morningbuzz

Veteran Benefits, TranscribeNC, Minecraft Earth, More: Wednesday ResearchBuzz, November 13, 2019

NEW RESOURCES

Stars And Stripes: New study shows veteran benefit discrepancies between states. “Several years ago, Iraq War veteran Kayla Williams and her family moved to Pennsylvania, where she and her husband received $500 each semester toward her two children’s school costs, thanks to a statewide benefit. The only problem? They had relocated from Virginia — a state that provides free tuition to children of disabled veterans. Williams’ husband, also a veteran, has a 100 percent disability rating from the VA.” A new database allows veterans to compare benefits offered by state governments.

TWEAKS AND UPDATES

State Archives of North Carolina: There’s Still Time to Help Improve Access to NC’s Historic Documents. “Great news! TranscribeNC, the crowd sourced transcription program by the State Archives of North Carolina, has reached a milestone. Over the last six months, over 100 volunteers have dedicated their time to complete over 1600 page edits. The local draft board project will close on November 30. You still have a chance to make history! Beginning in December, TrasncribeNC will debut new projects focusing on WWI letters and diaries and women’s history. More information coming soon!”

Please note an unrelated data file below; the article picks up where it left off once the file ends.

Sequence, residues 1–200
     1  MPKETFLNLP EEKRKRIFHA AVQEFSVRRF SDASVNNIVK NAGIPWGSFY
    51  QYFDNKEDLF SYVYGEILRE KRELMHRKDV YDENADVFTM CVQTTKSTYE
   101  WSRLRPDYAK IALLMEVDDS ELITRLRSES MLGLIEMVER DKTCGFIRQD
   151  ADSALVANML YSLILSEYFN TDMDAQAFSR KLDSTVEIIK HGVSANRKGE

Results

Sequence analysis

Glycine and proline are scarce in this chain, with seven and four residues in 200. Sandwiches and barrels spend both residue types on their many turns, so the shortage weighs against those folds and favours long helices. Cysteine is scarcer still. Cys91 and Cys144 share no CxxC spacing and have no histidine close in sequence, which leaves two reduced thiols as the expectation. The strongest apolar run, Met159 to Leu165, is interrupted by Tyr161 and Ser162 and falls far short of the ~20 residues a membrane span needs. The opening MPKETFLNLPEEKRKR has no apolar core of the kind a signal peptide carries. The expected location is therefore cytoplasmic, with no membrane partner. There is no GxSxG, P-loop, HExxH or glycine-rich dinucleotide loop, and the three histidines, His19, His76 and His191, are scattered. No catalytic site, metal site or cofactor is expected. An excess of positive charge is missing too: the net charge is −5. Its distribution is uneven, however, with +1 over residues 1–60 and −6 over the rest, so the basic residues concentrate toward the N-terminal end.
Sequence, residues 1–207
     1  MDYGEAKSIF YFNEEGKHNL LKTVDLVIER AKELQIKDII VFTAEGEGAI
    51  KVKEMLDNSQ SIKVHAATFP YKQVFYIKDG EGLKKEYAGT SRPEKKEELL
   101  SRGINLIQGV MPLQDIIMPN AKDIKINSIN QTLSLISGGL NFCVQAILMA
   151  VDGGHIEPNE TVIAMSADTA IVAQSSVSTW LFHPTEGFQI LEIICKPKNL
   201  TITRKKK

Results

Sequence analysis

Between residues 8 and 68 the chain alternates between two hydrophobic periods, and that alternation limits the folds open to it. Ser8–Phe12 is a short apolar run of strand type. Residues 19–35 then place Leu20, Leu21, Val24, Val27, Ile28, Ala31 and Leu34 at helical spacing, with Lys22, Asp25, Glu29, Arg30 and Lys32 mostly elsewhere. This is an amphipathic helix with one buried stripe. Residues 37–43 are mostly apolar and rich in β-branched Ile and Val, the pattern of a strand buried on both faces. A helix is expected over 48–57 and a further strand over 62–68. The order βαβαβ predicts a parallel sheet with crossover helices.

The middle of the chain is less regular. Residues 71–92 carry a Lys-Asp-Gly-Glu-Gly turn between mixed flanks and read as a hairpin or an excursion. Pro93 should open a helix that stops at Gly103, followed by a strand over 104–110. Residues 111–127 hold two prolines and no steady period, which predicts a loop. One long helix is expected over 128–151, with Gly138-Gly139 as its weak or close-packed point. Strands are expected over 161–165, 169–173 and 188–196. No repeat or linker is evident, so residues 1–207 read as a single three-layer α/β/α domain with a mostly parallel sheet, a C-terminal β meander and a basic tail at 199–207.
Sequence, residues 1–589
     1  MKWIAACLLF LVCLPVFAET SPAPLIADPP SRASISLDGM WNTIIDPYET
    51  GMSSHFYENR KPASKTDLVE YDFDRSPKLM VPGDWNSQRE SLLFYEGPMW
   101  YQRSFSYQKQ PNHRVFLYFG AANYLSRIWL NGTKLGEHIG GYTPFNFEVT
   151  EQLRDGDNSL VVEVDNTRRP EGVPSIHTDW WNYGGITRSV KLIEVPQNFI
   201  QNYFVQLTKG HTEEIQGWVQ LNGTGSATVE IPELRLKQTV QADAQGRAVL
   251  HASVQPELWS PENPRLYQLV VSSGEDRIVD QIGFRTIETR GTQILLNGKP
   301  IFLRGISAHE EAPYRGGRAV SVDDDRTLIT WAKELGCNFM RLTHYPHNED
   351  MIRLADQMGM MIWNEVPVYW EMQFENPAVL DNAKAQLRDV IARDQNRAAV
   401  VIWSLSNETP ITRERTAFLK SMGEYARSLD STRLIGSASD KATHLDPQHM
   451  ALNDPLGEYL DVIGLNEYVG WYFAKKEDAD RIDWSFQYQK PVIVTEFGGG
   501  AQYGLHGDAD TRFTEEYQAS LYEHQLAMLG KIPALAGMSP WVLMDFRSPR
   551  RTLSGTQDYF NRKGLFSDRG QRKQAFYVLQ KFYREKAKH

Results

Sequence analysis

PC World: Minecraft Earth goes live in preview for the entire United States. “Microsoft has pushed Minecraft Earth live to iOS and Android users in the United States in early access, meaning that pretty much anyone can download the preview and start exploring Microsoft’s virtual world.”

The Verge: YouTube enters the live-streaming fight (again). “Juiced by the impending arrival of Google Stadia, the company’s first foray into cloud gaming, YouTube’s been on a hunt for talent it can use to draw new viewers to its platform. It’s especially wild when you consider that YouTube — the most popular video platform on the planet — already has stars with millions of followers. That, combined with the fact that the platform also has the most effective video distribution network on the internet, means that YouTube could reshape live-streaming in its image. That is, if it learned its lessons from the last go-round.”